In my blog I said that you can define morality subjectively or objectively. Morality, objectively defined, is that absolute intrinsic right and wrong. An action is right or wrong, regardless of consequences, simply by virtue of what it is. Any system of morality built off of experience is subjective. The individual builds that system and defines right and wrong for themselves. I attack subjective, contingent morality pretty vehemently in my blog, and you'll have to address the concerns I voiced there.

      If you hold to any system of morality, and claim that it is in any way absolute, or that it holds sway over other people, then you are arguing from the position of an absolute transcendent design, i.e. God, whether you realize it or not. To do so from a position of atheism is logically inconsistent.

  9. Well, I understood that already and admitted it above. What I attempted to exploit was something called a loop-hole. Having failed in that regard I'm now going to shoot a Cannon at a Mosquito and just see if it hits it. And this is all in proper intellectual sport since I agree with you wholeheartedly but certainly like shootings things with cannons.

    Can their be morality without purpose? Since atheism leaves the question of purpose ambiguous it allows it to be subjective to the individual. Since the absolute of purpose is gone, the value of all things dissapears as well and without a hierarchy of values, a measure by which we can decide if something is right or wrong, better suited to the purpose or not, the system falls apart.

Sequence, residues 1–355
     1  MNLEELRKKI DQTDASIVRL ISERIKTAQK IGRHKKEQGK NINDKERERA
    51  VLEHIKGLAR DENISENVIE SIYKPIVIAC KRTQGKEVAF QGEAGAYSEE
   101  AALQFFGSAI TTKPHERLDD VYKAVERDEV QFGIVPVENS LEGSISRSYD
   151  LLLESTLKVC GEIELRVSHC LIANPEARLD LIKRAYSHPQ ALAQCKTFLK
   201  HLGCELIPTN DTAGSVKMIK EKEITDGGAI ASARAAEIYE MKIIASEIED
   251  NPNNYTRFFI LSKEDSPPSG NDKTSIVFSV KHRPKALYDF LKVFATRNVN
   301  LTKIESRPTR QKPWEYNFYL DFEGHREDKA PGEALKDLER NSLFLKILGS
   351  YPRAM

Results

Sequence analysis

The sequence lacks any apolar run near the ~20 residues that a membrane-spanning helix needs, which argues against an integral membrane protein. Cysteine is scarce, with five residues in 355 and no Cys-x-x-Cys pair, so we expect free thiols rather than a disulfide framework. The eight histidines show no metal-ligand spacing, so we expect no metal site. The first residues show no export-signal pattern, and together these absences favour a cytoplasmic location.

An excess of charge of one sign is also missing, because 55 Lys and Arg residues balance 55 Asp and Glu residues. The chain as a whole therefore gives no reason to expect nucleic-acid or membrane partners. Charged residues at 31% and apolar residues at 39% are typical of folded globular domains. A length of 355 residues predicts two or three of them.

However, we exclude the athiest argument because it is void of absolute, but existentially, so is all knowledge. The very concept of "absolute" is a construct that may or may not be accurate. As the true understanding of man is ralative to his experience, his very thoughts may vary without genuine comparison or reconciliation.
    An atheist building a morality without the construct "God" as you understand it is as simple as it is for you because both systems construct an idea of absolute with uncertainty. How can we hold anything absolute when our experience and understanding is anything but that? We can't. Thus, neither worldview has an absolute, they must construct one from their knowledge and experience base. And they must do so in order to function. (Faith Argument). But because both views accept absolutes on the same ground, they are no different.